Interfaith Conference Connects Women of Faith in Tacoma, Washington, Area
Contributed By Janice Martin, Church News contributor
“Surely our Father in Heaven is so happy and grateful as He sees His children reaching out to each other in meaningful ways and uniting together.” —Linda S. Reeves, former member of the Relief Society General Presidency
Prior to her calling as Tacoma South Stake Relief Society president, Melinda Huish had a pressing desire to serve her community in some way. This desire brought about the conference “Women Building Bridges of Interfaith Unity.”
“The idea for this—helping organize an interfaith women’s conference—began with my personal quest to find ways to serve in my community outside the Church.” Sister Huish had previously read an article in the Church News telling about an interfaith conference between Mormons and Muslims that had been held in San Jose, California, and she found the concept interesting. She had actually attended an interfaith conference in Boston where 3,000 other women were in attendance. She wanted to reach out on a broader spectrum and open up new conversations with other faiths and groups in her community.
After conferring with her stake president, Sister Huish approached the Associated Ministries of Tacoma-Pierce County about holding an interfaith women’s conference. The Associated Ministries organization is a nonprofit organization dedicated to improving interfaith relations and joining people together to do good for the community. Sister Huish was directed to the volunteer coordinator of Associated Ministries, Wendy Morris, and they set up a meeting at a local restaurant for hot chocolate.
Morris was immediately intrigued by the idea of an interfaith conference, but there were some potential problems. “The biggest concern Associated Ministries had was having a budget to sponsor such an event,” Morris said. She also recognized that it could take time for the board to see the value of bringing together women of many faiths. Nevertheless, there was no deterring Sister Huish and Morris after they had seen the vision of what could be accomplished, and they moved ahead with the event.
As the conference was being organized, Sister Huish saw a way that the event could have an even broader potential to draw women together from the stakes in her area. She decided to request approval for someone from the Relief Society general board to attend the conference. She hoped that the visiting sister could not only speak at a Church fireside for women before the Associated Ministries conference, but that she would also take part in the event itself.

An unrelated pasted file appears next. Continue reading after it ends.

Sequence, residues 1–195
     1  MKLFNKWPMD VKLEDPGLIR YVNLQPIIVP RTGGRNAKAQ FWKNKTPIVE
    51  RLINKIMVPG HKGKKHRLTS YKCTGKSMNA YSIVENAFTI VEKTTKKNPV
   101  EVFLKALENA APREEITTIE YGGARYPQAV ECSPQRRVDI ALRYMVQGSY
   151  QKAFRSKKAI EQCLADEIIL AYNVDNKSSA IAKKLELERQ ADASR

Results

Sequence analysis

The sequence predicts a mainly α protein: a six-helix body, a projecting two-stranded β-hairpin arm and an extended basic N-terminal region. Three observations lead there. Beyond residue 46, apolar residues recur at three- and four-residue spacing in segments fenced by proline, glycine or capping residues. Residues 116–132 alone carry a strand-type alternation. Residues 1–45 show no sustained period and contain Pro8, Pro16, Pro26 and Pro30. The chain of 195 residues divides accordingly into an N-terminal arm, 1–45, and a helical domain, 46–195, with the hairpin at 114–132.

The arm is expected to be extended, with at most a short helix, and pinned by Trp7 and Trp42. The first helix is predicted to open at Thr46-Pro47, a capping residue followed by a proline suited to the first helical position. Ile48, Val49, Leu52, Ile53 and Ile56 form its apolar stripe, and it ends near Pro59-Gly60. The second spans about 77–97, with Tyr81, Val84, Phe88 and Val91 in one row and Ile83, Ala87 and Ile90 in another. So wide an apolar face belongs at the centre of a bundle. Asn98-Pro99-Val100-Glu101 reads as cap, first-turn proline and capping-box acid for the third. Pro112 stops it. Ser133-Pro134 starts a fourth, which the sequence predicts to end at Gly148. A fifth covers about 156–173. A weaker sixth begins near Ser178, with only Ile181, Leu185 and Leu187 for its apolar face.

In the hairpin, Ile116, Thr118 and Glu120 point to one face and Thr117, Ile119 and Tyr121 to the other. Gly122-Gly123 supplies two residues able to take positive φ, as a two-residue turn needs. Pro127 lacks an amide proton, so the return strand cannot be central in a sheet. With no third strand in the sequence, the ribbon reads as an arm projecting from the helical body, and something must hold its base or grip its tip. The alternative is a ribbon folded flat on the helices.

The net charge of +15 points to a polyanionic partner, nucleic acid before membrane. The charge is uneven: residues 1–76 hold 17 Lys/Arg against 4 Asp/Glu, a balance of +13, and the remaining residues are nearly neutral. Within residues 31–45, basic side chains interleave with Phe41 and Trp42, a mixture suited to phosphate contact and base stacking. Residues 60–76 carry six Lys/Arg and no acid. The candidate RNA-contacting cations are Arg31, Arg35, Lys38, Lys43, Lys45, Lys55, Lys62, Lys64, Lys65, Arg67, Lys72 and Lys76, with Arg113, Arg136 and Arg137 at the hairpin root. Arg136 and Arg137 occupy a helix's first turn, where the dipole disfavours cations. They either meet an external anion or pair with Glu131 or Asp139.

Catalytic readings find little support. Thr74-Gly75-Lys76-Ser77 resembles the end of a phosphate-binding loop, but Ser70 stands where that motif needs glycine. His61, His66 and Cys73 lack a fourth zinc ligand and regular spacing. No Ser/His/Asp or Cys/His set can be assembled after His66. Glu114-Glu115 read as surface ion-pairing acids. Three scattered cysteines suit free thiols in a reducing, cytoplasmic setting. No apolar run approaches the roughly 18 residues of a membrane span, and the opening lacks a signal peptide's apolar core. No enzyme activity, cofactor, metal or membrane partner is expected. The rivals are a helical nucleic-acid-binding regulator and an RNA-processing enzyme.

Her desires and belief in her plan were answered. Sister Linda S. Reeves, released on April 1 as Second Counselor in the Relief Society General Presidency, agreed to come to the event. Sister Reeves remarked, “This is the type of activity the Church is asking the sisters of the Church to do, to have the courage to reach out to others.”
Following Sister Reeves’s remarks to the sisters in the multistake fireside session, Elder Robert M. Call, the Area Seventy who presided at the meeting, included a special blessing and a promise in his concluding remarks on charity, promising those in attendance that if they would “reach out beyond their comfort, build bridges outside their faith, and share the truths of the gospel,” they would “overcome their fears” and “charity would flow more powerfully” than they “ever had previously experienced.”
Later, Sister Reeves also participated in one of the workshops of the Associated Ministries conference. According to Morris, “The conference was designed for women who attend churches, temple, and mosques, as well as nonaffiliated, spiritually active women to support religious pluralism, respectful dialogue, and engaged social action that benefits communities in the Puget Sound region.” She went on to say, “The day’s classes and workshops were designed to promote understanding, respect, and cooperation among women in our region.” Among other topics, the classes covered subjects such as service to the community, sacred acts in everyday life, and strength in adversity.
The session of the conference in which Sister Reeves participated was a discussion on the power of prayer. The session included women of various faiths. Sister Reeves commented that she particularly enjoyed being on a panel with two other women of different faiths: a Muslim and a Jew. Sister Reeves added that each member of the panel had time to “explain the importance of prayer within our faith and explain the nature of God … and who it is that we pray to.”
Following their remarks a question-and-answer period was held. Sister Reeves observed, “During that part, we were able to respond to many soul-searching questions, like how does God answer prayers? As we concluded we all felt to testify that we all have far more in common than we have differences. Each of these groups places great faith in God and His ability to help and bless our lives. There was a wonderful feeling of love, unity, and spirit in the room. It was a sacred experience for me.”
During the lunch break of the Saturday conference, Sister Reeves shared her thoughts on the event with public affairs director Janice Martin of the Tacoma Washington South Stake by saying, “Surely our Father in Heaven is so happy and grateful as He sees His children reaching out to each other in meaningful ways and uniting together.”
Sister Linda S. Reeves, center, with Rosalind Weir and Janice Martin at a fireside in Tacoma, Washington. Photo courtesy Janice Martin.
Women from the community and local Church stakes attend the “Women Building Bridges of Interfaith Unity” conference. Photo courtesy Janice Martin.